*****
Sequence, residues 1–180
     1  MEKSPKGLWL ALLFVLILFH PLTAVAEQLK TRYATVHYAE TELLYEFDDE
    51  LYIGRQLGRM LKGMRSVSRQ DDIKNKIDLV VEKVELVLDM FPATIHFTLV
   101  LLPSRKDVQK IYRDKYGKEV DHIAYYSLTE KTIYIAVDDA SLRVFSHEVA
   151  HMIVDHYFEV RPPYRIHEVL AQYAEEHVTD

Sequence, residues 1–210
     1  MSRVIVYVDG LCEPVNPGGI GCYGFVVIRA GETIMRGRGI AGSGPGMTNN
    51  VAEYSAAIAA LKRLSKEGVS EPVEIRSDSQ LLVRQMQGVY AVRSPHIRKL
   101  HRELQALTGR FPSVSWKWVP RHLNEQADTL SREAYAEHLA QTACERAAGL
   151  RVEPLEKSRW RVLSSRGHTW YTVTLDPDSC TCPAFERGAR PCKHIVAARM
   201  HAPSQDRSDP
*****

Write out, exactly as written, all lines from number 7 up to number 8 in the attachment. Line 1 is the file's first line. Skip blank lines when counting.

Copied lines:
     1  MSRVIVYVDG LCEPVNPGGI GCYGFVVIRA GETIMRGRGI AGSGPGMTNN
    51  VAEYSAAIAA LKRLSKEGVS EPVEIRSDSQ LLVRQMQGVY AVRSPHIRKL